Adventist Nurses Give Medical, Emotional Support

In the past few months, Adventist HealthCare Shady Grove Medical Center in Rockville has hired nearly 50 additional nurses and prepared a second intensive care unit for incoming COVID-19 patients.

And while Intensive Care Unit Nurse Manager Nimeet Kapoor believes his crew is ready and well equipped for the patients who keep coming, he knows he must continue preparing for a possible new surge in cases.

“I am hoping we are at the peak right now,” he said.

Along with seeing patients, Kapoor spends his day recruiting staff, purchasing masks, ventilators and other equipment making sure there are empty beds.

The Rockville resident estimated that a little more than half of the patients currently in ICU are COVID-19 patients, although COVID-19 patients are spread throughout the hospital and not just in critical care sections.

Those that he sees in the ICU are quite ill, often on ventilators.

“We are seeing sicker patients for sure,” Kapoor said. “A lot of patients coming in don’t have underlying” medical problems like diabetes and hypertension.

“The majority, they are pretty healthy otherwise,” before getting the novel coronavirus, he said.

Those in ICU, “They are truly sick. Many of them are on ventilators and end up staying on ventilators for a long period of time.”

Within the past two weeks, there has been a surge of new cases but that seems to have leveled off, Kapoor said, noting that he is hopeful a new surge is not on the horizon.

He considers his hospital “fortunate to have a bit of a time line before the surge,” and was able to gather extra equipment and staff.

“I don’t think anybody is ready for it. I think everybody is a little overwhelmed by it.”

Emotionally, it has been extremely difficult for everyone, especially the patients who must face their treatment and medical issues by themselves. The hospital closed its doors to visitors so as not to spread the disease.

Normally, “we like when someone is with them during these times,” Kapoor said of ICU patients who often are sedated and on ventilators.

The staff tries its best to provide support. At least once a day, someone telephones the patient’s family and updates them on their loved one’s condition.

“I’ve seen one of my nurses just go in and just hold their hand, just to give them that comfort,” Kapoor said. “The human factor, we don’t want to lose that.”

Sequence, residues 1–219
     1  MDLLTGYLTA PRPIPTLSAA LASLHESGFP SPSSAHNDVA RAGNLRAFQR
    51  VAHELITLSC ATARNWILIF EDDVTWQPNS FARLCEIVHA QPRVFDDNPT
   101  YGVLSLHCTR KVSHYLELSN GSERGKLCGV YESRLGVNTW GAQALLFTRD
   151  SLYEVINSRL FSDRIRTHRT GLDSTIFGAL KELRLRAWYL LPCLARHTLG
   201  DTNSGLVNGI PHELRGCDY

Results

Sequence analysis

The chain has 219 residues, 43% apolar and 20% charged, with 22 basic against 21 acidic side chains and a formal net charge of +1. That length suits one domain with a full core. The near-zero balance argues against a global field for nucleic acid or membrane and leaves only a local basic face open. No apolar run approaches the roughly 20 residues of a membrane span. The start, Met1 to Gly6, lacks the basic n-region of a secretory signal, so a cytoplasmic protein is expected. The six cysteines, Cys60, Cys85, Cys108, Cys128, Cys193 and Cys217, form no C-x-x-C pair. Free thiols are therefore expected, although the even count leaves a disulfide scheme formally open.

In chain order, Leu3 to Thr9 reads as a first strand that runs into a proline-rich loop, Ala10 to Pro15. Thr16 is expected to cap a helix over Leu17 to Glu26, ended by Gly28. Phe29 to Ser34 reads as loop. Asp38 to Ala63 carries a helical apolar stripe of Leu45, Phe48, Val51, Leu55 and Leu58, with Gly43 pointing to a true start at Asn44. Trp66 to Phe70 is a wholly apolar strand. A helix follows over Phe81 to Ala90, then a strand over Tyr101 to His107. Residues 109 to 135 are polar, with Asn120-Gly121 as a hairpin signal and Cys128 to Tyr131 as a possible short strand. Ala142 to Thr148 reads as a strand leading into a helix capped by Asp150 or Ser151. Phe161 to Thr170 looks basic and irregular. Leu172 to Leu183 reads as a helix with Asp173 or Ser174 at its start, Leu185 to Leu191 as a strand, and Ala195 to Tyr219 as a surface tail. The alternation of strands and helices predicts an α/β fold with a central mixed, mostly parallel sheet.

Also, the hospital’s chaplains have continued making their rounds.

It is not just the patients struggling with their emotions. So, too, is the staff.

“It is definitely challenging at times to keep your spirits up,” he said. “The stress levels are high everywhere, not just the ICU.”

He likes to remind his staff that everyone is in this together.

“We will be together. We will stick together, and we will come out of this together,” he tells them.

“Our community has been great, giving us lunches, dinners and donating supplies,” Kapoor said. All the little things people do are “very helpful, very uplifting.”

But truly the best times are when a patient leaves the ICU. “It is very uplifting for us as health care providers,” he said.

When the nurses end their shift, they go their separate ways. “Some people are staying in hotels. Some people are staying in their basements, and some people aren’t doing anything different, just coming out of their scrubs,” he said.

Kapoor changes out of his work clothes at the hospital and immediately takes a shower before seeing his significant other and dogs.

Kapoor, who previously worked at the University of Maryland Medical Center, would love everyone to stay at home as much as possible and always wear a mask when venturing out. And keeping washing their hands.

Unless someone has major symptoms, he does not believe they need to be tested for COVID-19.

“In my personal opinion, I don’t think a test is important if you are healthy otherwise,” he said.

For those with minor symptoms, Kapoor suggested they take their temperature regularly.

He is concerned that people needing medical treatment not related to the virus are staying away from the hospital and believes they are “absolutely” scared to enter the emergency room.

Hopefully, they are receiving medical treatment elsewhere, he said.

He wants everyone to know that his hospital is prepared to take care of all patients.

Recently, the hospital brought on 40 to 50 extra nurses.

Prior to COVID-19, there were nine to 10 nurses on each shift in the ICU. There are 20 per shift now, he said. The new nurses are agency or traveling nurses and have temporary contracts.

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